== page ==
2015 season

The camera was active from 19 May to mid August, based again at the Royal Observatory Edinburgh. Once again, Jose Sabater Montes had part of his view over the city blocked by the camera assembly.

These are the nights during which at least some useful observations were made from 2015-05-19/20 to -08-15/16.

The camera also recorded some aurora borealis.

2014 season

The camera was active from mid May to mid August, based again at the Royal Observatory Edinburgh. Once again, Jose Sabater Montes had part of his view over the city blocked by the camera assembly.

These are the nights during which at least some useful observations were made in 2014. The camera was active from 2013-05-14/15 to -08-17/18.

2013 season

The camera was active from mid May to mid August, based at the Royal Observatory Edinburgh. Once again, Jose Sabater Montes had part of his view over the city blocked by the camera assembly.

These are the nights during which at least some useful observations were made in 2013. The camera was active from 2013-05-14/15 to -08-20/21.

2012 season

In 2012, the camera was based at the Royal Observatory Edinburgh, which also provided an old laptop and network access. Thanks are due to Jose Sabater Montes, whose view from the office on the City of Edinburgh was spoilt a bit by the camera.

The camera did in fact run between the 2011 and 2012 seasons to look for aurora, but there had been several problems. While an NLC season requires about 10000 to 15000 frames, looking for aurora during the winter requires on the order of 50000 frames. This ultimately led to the death of the shutter, having performed about 100000 actions in total. Douglas Cooper from Doune was kind enough to sell me his old Canon EOS 300D so that automatic imaging was suspended only briefly during a period of bad weather.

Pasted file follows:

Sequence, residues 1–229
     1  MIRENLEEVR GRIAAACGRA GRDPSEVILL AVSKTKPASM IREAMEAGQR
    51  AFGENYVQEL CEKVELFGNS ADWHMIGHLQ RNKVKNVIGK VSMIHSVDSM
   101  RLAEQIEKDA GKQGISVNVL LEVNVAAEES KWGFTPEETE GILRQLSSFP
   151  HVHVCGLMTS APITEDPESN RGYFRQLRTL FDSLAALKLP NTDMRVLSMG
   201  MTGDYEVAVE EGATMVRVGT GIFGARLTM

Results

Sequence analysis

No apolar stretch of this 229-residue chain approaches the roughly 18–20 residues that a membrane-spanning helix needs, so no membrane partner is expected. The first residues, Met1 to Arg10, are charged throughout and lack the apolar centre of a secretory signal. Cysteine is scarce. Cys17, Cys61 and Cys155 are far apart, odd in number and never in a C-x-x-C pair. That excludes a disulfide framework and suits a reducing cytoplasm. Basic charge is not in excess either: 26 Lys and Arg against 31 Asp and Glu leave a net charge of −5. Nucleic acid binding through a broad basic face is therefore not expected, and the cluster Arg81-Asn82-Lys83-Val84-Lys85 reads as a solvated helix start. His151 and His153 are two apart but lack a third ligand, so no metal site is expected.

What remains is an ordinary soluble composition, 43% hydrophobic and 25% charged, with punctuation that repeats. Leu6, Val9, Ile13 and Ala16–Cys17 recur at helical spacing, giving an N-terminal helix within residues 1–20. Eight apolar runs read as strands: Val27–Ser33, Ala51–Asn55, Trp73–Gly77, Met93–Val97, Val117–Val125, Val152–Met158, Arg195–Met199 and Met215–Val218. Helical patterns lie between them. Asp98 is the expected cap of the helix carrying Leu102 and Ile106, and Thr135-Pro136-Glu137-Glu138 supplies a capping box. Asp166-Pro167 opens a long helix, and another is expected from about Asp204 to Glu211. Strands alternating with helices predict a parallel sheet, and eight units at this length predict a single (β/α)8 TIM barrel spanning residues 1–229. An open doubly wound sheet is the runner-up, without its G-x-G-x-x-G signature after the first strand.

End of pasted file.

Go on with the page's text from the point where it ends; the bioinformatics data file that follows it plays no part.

These are the nights during which at least some useful observations were made in 2012. The camera was active from 2012-05-15/16 to -08-21/22.

The camera also recorded some aurora borealis.

2011 season

In 2011, the camera was back at the Royal Observatory Edinburgh, which also provides an old laptop and network access. Thanks are due to Jose Sabater Montes, whose view from the office on the City of Edinburgh is spoilt a bit by the camera.

These are the nights during which at least some useful observations were made in 2011. The camera was active from 2011-05-01/02. It failed on 2011-08-16/17.

2010 season

In 2010, the Royal Observatory Edinburgh could not be used to set up the camera: The copper domes dating from 1894 were being refurbished, and the whole building where the camera would have been sited was shrouded in tarpaulin for most of the year. Thanks are due to David Small, who lives in the Scottish Borders a few km north of Kelso and had offered his window for the camera to look out of. The camera was also using his domestic wireless network and his broadband connection to upload the images to the server at my home.

These are the nights during which at least some useful observations were made in 2010. The camera was active from 2010-05-13/14 to 2010-08-31/32.

2009 season

In 2009, the camera was set up at the Royal Observatory Edinburgh. Thanks are due to Michele Cirasuolo, who had his office view somewhat impaired by the equipment. The camera was then set to 200 ISO and exposures were twice as long as used from 2010 onwards, but still subect to a maximum of 30 s.

These are the nights during which at least some useful observations were made in 2009.

The dSLR had been in operation since the start of June 2009. During the second half of May I had tried to use a networked webcam, but the images were no match for a visual observer or a proper camera. These are some example data: